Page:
In 1795, Richard Brothers, a fashionable London madman incarcerated in Bedlam, told the nineteen-year-old Lady Hester Stanhope that she would one day inherit the mantle of the Queen of Heaven, spend seven years in the desert and eventually become Queen of the Jews.
The young Lady Hester, clever, awkward, difficult to marry off, was impressionable. She never forgot Brothers’s words and indeed lived her life with that great destiny always in mind to sustain her. In fact, it could be said to have been the single real focus of an adventurous, restless life. By the time she was thirty-three she had left England to begin her travels round the Levant and the Middle East; she never returned home, ending her days as the cranky, debt-ridden despot of a palatial ruined convent in Lebanon, her subjects cowed servants and hangers-on.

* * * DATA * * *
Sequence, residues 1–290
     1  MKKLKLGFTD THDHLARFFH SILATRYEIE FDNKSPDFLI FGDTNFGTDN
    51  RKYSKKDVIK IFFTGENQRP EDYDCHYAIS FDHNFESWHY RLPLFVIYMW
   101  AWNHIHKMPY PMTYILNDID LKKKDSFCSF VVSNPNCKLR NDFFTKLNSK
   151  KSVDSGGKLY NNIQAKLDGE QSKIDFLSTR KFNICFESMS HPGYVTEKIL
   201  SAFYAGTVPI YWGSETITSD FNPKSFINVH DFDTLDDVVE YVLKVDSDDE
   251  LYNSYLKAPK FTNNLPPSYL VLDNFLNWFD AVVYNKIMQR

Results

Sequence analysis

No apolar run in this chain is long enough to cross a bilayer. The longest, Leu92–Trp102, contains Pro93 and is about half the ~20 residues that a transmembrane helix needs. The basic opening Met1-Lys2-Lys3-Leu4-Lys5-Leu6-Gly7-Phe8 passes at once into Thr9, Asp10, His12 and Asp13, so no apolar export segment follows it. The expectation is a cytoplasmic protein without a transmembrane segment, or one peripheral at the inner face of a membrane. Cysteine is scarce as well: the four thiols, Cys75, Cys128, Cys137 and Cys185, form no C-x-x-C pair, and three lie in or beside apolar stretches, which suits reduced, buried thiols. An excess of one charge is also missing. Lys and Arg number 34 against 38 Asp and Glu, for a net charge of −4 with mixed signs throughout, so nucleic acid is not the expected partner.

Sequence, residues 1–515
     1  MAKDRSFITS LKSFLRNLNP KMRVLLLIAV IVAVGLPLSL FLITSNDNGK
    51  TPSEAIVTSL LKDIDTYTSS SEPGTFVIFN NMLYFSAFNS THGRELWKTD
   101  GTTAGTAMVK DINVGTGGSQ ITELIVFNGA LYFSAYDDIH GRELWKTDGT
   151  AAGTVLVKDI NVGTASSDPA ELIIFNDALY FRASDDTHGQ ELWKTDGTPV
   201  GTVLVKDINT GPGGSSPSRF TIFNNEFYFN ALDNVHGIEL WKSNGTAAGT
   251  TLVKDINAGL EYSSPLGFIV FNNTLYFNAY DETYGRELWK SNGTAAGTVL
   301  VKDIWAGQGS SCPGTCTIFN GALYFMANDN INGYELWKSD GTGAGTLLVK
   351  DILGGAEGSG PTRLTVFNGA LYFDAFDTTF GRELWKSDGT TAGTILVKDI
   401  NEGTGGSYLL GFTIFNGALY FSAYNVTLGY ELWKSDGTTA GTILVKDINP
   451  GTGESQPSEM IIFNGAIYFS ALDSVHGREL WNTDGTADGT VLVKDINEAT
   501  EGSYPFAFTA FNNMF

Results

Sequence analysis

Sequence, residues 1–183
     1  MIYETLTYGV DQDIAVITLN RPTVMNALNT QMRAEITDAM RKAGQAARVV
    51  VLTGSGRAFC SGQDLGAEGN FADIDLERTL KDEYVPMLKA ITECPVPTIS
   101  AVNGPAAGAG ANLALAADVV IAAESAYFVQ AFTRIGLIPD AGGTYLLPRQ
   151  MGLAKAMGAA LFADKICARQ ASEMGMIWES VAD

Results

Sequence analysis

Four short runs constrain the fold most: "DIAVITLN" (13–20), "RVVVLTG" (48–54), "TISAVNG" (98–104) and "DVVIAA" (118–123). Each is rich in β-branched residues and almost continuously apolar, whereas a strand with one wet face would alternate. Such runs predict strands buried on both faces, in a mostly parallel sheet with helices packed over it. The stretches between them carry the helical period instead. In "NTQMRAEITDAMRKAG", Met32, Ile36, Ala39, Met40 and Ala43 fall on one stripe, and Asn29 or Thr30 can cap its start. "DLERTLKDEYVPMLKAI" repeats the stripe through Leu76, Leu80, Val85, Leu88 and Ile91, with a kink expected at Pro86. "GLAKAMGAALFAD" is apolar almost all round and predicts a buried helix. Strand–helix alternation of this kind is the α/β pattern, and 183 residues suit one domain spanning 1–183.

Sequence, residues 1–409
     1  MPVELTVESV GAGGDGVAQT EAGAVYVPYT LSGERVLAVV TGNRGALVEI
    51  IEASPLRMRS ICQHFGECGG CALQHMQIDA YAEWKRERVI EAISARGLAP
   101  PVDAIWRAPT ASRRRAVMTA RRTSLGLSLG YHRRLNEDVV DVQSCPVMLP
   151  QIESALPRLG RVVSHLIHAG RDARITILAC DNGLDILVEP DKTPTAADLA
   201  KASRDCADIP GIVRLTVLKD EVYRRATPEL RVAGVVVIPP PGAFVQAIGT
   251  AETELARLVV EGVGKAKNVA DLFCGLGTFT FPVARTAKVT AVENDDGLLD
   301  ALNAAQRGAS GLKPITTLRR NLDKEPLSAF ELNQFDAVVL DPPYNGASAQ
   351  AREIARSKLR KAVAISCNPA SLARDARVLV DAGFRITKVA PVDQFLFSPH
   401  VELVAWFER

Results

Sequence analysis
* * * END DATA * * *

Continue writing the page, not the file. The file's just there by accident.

Lorna Gibb’s well-researched biography begins with Lady Hester’s early days in London as the hostess and confidante of her uncle, Pitt the Younger. She was the gawky daughter of an oddball father: the Earl of Stanhope, influenced by the French Revolutionaries, gave away his fortune, was avowedly anti-monarchist and took